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November 1935

VOLUME OF BLOOD IN NORMAL SUBJECTS AND IN PATIENTS WITH SCHIZOPHRENIA

Author Affiliations

Research Internist WORCESTER, MASS.

From the Memorial Foundation for Neuro-Endocrine Research and the Research Service of the Worcester State Hospital.

Arch NeurPsych. 1935;34(5):956-964. doi:10.1001/archneurpsyc.1935.02250230028002
Abstract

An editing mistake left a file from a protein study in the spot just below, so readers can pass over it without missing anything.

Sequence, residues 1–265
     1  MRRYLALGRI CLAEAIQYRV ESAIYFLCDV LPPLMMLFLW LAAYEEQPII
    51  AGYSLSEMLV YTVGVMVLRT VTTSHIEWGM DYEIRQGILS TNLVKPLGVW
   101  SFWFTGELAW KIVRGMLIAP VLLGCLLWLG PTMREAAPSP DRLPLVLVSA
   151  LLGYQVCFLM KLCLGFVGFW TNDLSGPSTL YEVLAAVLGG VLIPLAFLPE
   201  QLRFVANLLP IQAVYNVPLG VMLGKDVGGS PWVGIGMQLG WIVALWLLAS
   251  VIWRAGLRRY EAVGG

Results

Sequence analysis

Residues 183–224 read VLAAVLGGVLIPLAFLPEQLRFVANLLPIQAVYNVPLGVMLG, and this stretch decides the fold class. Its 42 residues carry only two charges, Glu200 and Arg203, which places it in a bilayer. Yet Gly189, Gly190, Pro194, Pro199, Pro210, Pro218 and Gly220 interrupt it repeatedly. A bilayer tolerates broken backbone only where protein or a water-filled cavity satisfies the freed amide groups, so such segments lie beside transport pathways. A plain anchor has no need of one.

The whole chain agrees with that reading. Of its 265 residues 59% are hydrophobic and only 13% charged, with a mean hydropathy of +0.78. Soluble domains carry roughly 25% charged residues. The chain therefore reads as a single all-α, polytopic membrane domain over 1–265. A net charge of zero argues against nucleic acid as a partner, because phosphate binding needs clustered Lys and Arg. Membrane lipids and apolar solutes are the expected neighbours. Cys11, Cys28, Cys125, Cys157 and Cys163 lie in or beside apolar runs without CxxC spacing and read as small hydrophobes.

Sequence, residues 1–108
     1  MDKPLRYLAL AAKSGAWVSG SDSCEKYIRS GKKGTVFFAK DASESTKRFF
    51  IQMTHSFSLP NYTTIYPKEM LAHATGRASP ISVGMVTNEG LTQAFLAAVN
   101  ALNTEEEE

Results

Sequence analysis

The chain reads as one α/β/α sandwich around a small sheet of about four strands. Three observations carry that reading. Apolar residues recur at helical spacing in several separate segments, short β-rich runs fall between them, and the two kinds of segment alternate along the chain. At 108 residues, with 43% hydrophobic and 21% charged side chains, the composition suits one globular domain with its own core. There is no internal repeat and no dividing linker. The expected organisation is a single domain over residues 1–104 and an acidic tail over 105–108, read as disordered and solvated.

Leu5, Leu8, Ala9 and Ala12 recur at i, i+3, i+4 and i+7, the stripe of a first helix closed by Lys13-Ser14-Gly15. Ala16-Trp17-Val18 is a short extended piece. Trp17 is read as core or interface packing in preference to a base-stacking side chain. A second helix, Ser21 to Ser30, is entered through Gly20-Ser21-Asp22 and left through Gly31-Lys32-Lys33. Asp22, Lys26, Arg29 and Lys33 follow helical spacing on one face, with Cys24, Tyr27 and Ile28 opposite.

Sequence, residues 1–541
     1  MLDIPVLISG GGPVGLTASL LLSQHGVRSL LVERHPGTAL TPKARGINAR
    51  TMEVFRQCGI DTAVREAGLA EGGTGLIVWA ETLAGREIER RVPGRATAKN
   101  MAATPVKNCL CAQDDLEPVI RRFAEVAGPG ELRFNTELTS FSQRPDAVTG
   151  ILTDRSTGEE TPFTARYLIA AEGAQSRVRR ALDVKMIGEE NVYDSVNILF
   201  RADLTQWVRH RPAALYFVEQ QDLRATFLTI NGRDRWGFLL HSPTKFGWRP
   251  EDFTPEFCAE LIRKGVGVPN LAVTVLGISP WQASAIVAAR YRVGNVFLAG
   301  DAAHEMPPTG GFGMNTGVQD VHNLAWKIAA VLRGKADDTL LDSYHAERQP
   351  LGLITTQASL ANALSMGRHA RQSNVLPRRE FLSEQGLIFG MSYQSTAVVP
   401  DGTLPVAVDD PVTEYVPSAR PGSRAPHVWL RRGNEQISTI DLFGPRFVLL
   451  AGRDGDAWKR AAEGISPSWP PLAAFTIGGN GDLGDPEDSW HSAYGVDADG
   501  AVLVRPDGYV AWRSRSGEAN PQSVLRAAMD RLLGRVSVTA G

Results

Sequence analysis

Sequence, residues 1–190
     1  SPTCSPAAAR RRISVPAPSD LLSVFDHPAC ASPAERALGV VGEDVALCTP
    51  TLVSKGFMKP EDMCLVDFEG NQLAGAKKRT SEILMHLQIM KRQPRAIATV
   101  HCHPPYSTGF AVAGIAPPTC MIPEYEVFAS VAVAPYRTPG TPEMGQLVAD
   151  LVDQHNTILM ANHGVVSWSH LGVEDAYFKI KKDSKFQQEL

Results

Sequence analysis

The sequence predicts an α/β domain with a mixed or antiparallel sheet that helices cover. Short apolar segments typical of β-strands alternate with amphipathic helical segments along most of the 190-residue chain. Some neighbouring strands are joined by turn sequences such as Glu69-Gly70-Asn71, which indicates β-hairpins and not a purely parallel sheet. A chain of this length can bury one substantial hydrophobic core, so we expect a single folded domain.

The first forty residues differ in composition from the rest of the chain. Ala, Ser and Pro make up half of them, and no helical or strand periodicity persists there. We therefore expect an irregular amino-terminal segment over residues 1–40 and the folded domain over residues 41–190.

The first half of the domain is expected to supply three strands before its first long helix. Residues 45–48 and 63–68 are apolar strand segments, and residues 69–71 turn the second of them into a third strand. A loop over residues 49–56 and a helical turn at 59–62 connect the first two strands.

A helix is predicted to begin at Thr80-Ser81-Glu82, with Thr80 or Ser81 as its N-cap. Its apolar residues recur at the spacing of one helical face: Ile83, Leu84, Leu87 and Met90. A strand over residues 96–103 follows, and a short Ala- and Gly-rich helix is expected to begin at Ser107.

The theory that the malfunction in schizophrenia is due in greater or less degree to decreased oxygenation in the tissues, especially those of the nervous system, has frequently been postulated. That the basal rate of oxygen consumption rate in patients with schizophrenia is decreased is now generally accepted. This failure of the body tissues of the schizophrenic patient to utilize oxygen to the same degree as those of the normal subject might be due either to a deficiency arising in the cells themselves or to a breakdown in the mechanism for delivering oxygen. In the first case, the malfunction might be caused by a lack of oxidative catalysts or a disarrangement of the specific ability of the cells to absorb the oxygen which is supplied to them. In the second case, a number of factors might play a part. The unit concentration of hemoglobin might be decreased through either a

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